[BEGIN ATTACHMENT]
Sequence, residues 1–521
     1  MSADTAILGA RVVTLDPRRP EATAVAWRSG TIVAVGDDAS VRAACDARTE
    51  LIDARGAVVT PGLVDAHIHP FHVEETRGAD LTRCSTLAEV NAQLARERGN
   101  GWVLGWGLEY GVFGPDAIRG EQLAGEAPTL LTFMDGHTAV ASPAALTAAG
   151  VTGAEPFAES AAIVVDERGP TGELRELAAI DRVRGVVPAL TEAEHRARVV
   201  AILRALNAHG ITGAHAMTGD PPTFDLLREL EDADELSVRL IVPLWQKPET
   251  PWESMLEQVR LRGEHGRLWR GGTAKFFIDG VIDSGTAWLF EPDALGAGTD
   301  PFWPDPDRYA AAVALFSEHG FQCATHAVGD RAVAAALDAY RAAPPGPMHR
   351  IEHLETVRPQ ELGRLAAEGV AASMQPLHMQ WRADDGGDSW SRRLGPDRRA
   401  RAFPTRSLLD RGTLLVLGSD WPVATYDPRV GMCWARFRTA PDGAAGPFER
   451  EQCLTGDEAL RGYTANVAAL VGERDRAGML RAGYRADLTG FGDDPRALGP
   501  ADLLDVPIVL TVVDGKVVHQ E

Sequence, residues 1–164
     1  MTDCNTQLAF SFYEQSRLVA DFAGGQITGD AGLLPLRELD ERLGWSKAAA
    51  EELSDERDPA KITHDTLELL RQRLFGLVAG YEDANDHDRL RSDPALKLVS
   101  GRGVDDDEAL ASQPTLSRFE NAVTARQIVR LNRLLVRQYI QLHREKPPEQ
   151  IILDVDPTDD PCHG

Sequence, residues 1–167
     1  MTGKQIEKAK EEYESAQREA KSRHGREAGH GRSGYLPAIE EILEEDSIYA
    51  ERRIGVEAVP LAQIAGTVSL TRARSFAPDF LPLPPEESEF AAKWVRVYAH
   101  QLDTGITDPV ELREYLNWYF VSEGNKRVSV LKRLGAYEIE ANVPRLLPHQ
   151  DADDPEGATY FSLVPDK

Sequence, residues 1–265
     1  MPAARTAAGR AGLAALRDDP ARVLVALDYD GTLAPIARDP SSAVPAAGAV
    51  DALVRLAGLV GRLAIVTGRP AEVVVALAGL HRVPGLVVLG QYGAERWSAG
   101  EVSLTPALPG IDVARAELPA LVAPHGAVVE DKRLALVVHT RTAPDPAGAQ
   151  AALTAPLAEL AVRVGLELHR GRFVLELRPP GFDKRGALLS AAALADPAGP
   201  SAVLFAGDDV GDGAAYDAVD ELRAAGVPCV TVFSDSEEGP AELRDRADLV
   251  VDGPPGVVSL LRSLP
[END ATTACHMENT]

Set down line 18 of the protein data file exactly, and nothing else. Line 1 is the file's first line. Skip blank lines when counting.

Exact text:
Sequence, residues 1–167